Blog: June 2012
“He has no words to describe his gratitude.”
Gibozi, our director at YouthCare Ministries, compassionately stared at the sickly man and waited for another utterance. None came. “He just thanks God that his daughter Ester now has a safe place to live.”
Ester started living at the new SafeHaven for girls a few months ago—a new residential program for girls who were living on the streets in Lilongwe. Her mother died two years ago, her father is sick with 7 children for whom he cannot provide. His youngest, Ester, was losing her way.
In Malawi there is no safety net when you get ill. There are no social workers who arrive at your home to assess the situation, offer solutions, and find options for your children. A sick parent means no work. No work means no food, no school, and no future. A 10-year-old girl, like Ester, is left to fend for herself.
Because of their long, trusted history in the community, YouthCare has become known as a highly respected ministry. When Ester’s need surfaced in the community, YouthCare workers were notified. Ester now has a home.
The new girls’ SafeHaven is a beautiful, four bedroom house has been transformed into an oasis of love and care for 5 girls between the ages of 10 and 17. With three meals a day, a clean bed, adult supervision, and a chance to go to school the girls are already thriving in their new environment.
I am reminded of Maslow’s hierarchy of needs. Maslow argued that the most essential human need was security and certainty. Only when we feel secure, can we really begin to grow in the other dimensions of life. One of my friends describes it like a flower pot. In order for a plant to grow, it needs a pot—a pot without cracks and holes. You can have a beautiful flower, you can have a good earth, but if you don’t have a pot none of it matters. Children are the same. Give a child a little structure, consistent food, and safety and…..watch them grow.
A mission team walked past me on the way to town today. Their loud conversation and Southern accents revealed their American citizenry—probably 10 or 15 teenagers, plus a few adults.
Besides the Mountaineer Backpacks and the matching aluminum water bottles, what struck me as odd was a t-shirt worn by one of the teens. Blazoned across the front was Charles Schwartz’s iconic Snoopy, apathetically lying on his dog house with big bold letters saying, “I’m Allergic to School.”
I’m Allergic to School. Ummm.
I’m guessing that the mission team missed the cross-cultural training exercises prior to departing for Malawi. I’m assuming that no one in the group bothered to reflect on the irony of a t-shirt message in a culture where education is not a right, but rather a privilege.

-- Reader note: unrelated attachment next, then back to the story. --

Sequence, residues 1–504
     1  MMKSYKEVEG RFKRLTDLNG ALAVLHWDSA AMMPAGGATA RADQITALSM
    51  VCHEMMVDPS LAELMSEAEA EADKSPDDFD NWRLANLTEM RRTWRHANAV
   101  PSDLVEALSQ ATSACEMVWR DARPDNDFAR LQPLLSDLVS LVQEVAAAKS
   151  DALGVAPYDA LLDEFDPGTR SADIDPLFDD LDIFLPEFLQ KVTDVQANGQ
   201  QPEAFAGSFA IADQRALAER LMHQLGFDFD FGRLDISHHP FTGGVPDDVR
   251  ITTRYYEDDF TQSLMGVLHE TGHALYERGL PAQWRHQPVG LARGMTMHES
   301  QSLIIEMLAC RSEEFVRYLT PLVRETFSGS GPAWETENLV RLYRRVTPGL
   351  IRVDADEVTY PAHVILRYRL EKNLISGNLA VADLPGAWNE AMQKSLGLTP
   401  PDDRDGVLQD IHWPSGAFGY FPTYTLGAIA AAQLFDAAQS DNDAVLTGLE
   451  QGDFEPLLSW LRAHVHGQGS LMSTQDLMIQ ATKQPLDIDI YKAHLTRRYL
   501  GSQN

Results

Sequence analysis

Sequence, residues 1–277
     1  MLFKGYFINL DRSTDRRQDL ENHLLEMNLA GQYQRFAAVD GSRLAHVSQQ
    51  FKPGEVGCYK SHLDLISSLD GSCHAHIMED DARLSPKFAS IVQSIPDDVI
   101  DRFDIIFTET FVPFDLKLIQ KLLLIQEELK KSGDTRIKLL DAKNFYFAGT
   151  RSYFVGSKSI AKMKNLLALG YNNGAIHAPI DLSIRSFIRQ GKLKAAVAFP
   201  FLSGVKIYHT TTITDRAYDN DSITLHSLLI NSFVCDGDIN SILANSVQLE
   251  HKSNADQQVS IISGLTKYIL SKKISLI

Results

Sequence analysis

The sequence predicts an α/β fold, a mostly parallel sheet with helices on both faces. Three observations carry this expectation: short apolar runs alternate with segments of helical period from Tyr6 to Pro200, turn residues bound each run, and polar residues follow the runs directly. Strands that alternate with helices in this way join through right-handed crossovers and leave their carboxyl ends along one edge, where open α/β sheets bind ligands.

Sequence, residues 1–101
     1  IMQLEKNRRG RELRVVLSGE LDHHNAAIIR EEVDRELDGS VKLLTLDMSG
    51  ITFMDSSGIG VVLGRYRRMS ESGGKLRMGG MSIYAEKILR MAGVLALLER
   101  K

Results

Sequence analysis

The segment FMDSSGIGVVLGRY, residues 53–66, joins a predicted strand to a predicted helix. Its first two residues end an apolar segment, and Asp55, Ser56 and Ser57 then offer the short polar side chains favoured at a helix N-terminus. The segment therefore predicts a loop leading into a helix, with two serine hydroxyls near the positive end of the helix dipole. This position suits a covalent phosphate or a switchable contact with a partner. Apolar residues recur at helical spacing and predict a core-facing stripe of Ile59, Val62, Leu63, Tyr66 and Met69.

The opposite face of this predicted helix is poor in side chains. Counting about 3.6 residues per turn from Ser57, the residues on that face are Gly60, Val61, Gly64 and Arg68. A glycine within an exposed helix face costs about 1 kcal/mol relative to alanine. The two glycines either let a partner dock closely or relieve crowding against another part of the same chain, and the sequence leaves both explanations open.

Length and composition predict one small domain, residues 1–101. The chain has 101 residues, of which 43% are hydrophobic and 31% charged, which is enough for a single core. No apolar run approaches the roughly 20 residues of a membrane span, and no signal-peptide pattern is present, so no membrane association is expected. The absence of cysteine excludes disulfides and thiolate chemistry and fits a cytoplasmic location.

Snoopy’s message reeked of American privilege, laced with a kind of arrogance that says, “I’m so advantaged that I can choose to be lazy.”
Perhaps the shirt hit me the wrong way because earlier that day I met 55 ninth graders who walk an hour and a half (each way, each day!) to attend our new high school—a school with broken windows, no electricity, and an outhouse resembling a fly farm. They come because of a hunger to learn. They come because of our committed teaching staff. They are hardly allergic to school.
Our students are the kids scoring less than 90% on their government exams, therefore losing their spots in the Malawian educational system—a system where only the elite few make it. Our kids are the B and C students…the kids who struggle with test taking and have not been blessed with great memorization skills. Without our school, they will be reduced to subsistence farming and a life of debilitating poverty.
I’m Allergic to School. Really? What I’m learning from Malawian kids is that the only thing to which they are allergic is…lack of opportunity.
There is nothing glamorous about board development. It’s not the kind of story that makes people cry, nor is it the kind of appeal that compels people to reach for their check books. But it is an essential ingredient for creating community-based Christian youth development organizations that become self-sustaining and enduring.
The mission of UrbanPromise International is to help young leaders create organizations that have a transformational impact—year after year, decade after decade—in some of our world’s most under-resourced communities. Functioning, dynamic boards play a significant role in creating these kinds of institutions.